What Kant Reconstructed Brings to Aquinas Reconstructed; Or, Why and How the New Natural Law Needs to Be Extended
David Bourget (Western Ontario)
David Chalmers (ANU, NYU)
Rafael De Clercq
Jack Alan Reynolds
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Proceedings of the American Catholic Philosophical Association 82:99-113 (2008)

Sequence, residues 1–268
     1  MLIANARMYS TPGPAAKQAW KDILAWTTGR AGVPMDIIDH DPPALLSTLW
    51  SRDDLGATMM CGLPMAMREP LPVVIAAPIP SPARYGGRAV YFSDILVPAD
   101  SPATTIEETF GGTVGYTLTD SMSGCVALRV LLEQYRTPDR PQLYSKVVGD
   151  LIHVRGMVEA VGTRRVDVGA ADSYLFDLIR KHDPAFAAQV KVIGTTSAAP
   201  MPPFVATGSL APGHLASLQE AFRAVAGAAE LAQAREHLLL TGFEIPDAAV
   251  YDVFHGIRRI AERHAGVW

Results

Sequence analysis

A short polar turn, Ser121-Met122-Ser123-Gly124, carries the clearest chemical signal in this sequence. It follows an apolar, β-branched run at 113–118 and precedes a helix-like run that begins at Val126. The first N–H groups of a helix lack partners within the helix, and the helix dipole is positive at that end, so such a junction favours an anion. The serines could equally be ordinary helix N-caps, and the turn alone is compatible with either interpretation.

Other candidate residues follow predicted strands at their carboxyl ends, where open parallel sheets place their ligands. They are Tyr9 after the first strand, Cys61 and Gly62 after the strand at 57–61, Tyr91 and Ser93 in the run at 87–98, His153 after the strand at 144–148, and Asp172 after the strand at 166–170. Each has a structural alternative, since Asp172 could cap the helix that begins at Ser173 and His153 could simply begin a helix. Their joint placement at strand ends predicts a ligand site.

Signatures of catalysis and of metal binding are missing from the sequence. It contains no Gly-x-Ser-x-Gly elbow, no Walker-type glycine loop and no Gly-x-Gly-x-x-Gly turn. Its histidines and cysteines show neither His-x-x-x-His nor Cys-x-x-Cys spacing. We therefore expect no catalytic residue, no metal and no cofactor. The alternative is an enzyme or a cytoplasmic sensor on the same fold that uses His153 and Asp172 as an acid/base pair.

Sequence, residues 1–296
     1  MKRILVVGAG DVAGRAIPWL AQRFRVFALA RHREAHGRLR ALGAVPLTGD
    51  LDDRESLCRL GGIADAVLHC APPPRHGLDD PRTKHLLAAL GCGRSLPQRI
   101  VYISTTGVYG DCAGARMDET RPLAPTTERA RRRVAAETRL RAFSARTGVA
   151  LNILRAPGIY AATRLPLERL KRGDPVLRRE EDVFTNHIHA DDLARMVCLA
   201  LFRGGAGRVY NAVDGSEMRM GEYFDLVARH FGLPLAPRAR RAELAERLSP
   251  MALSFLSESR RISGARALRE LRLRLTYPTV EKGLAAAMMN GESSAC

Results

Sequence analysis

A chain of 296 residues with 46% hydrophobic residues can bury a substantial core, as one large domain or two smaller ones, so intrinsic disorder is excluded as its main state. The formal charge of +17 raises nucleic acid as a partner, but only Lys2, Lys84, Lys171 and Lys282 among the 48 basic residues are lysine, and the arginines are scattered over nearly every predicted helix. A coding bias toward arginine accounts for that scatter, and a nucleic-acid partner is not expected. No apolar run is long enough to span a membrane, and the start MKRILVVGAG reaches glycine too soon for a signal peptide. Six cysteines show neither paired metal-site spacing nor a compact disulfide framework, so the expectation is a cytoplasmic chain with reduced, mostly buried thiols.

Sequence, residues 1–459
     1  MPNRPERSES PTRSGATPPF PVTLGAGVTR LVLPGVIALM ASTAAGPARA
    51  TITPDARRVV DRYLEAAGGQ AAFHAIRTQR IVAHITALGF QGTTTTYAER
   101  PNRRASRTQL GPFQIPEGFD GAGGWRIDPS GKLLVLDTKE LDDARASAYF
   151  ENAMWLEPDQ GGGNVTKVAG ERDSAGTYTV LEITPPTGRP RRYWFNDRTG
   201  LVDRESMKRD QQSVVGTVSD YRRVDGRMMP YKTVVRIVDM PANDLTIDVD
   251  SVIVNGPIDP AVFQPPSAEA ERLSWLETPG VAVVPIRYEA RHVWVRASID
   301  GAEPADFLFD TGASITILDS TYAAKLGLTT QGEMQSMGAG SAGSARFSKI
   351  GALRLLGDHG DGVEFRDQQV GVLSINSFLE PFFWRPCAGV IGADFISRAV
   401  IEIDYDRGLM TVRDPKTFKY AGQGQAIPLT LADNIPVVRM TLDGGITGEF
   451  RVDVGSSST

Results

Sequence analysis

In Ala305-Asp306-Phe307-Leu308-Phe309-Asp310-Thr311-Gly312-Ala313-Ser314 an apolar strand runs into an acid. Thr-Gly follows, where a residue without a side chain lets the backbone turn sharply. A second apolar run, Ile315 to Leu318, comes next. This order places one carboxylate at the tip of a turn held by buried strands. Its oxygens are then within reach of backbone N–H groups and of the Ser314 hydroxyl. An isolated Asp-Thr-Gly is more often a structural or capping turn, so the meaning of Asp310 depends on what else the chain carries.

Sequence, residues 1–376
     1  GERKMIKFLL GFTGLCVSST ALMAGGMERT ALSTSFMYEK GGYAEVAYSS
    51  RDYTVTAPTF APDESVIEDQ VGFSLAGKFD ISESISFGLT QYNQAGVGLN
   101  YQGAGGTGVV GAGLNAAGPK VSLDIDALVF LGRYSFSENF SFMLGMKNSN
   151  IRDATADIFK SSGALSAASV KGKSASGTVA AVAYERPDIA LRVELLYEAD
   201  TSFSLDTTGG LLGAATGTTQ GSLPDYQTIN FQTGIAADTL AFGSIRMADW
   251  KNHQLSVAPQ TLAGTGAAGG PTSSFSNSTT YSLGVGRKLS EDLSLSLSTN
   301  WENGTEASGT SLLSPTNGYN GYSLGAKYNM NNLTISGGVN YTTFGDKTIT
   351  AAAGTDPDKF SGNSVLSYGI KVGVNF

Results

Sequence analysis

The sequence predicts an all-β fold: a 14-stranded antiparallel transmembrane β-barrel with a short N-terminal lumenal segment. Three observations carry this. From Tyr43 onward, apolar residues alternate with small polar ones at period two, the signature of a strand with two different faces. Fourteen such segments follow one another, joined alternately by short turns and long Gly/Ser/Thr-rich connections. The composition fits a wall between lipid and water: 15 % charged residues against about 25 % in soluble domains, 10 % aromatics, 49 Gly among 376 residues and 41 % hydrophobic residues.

The thesis of this paper is that the new natural law has reason to try to integrate Kant’s ethics, not reject it. My argument breaks into two parts. First I provide a critical account of the new natural law, taking as my exemplar of this theory Germain Grisez, Joseph Boyle, and John Finnis’s 1987 article “Practical Principles, Moral Truth, and Ultimate Ends.” My criticism in the end is that the new natural law is vulnerable to much the same criticism that Boyle has made of Alan Donagan’s Kantian ethics. For the new natural law, the trouble will be specifying the basic goods. Here “compromise, intuition, or decision” appears inescapable. The second part of the paper briefly outlines what “Kant reconstructed” has to bring. The Kant that I advocate is not exactly Donagan’s; but my Kant shares with Donagan’s a patience for more than one reasonable position on disputed moral questions.
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